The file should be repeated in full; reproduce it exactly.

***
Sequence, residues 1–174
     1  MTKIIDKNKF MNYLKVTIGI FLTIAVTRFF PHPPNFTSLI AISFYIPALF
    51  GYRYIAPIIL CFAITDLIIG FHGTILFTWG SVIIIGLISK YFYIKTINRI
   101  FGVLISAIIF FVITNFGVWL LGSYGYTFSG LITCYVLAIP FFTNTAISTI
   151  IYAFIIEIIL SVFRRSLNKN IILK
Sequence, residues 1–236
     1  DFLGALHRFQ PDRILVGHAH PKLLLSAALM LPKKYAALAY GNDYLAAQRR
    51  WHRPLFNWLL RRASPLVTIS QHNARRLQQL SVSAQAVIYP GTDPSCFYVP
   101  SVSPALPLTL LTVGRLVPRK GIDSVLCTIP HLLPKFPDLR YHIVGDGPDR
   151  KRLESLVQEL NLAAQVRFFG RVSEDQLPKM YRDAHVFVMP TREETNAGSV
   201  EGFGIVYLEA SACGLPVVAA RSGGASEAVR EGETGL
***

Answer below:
Sequence, residues 1–174
     1  MTKIIDKNKF MNYLKVTIGI FLTIAVTRFF PHPPNFTSLI AISFYIPALF
    51  GYRYIAPIIL CFAITDLIIG FHGTILFTWG SVIIIGLISK YFYIKTINRI
   101  FGVLISAIIF FVITNFGVWL LGSYGYTFSG LITCYVLAIP FFTNTAISTI
   151  IYAFIIEIIL SVFRRSLNKN IILK
Sequence, residues 1–236
     1  DFLGALHRFQ PDRILVGHAH PKLLLSAALM LPKKYAALAY GNDYLAAQRR
    51  WHRPLFNWLL RRASPLVTIS QHNARRLQQL SVSAQAVIYP GTDPSCFYVP
   101  SVSPALPLTL LTVGRLVPRK GIDSVLCTIP HLLPKFPDLR YHIVGDGPDR
   151  KRLESLVQEL NLAAQVRFFG RVSEDQLPKM YRDAHVFVMP TREETNAGSV
   201  EGFGIVYLEA SACGLPVVAA RSGGASEAVR EGETGL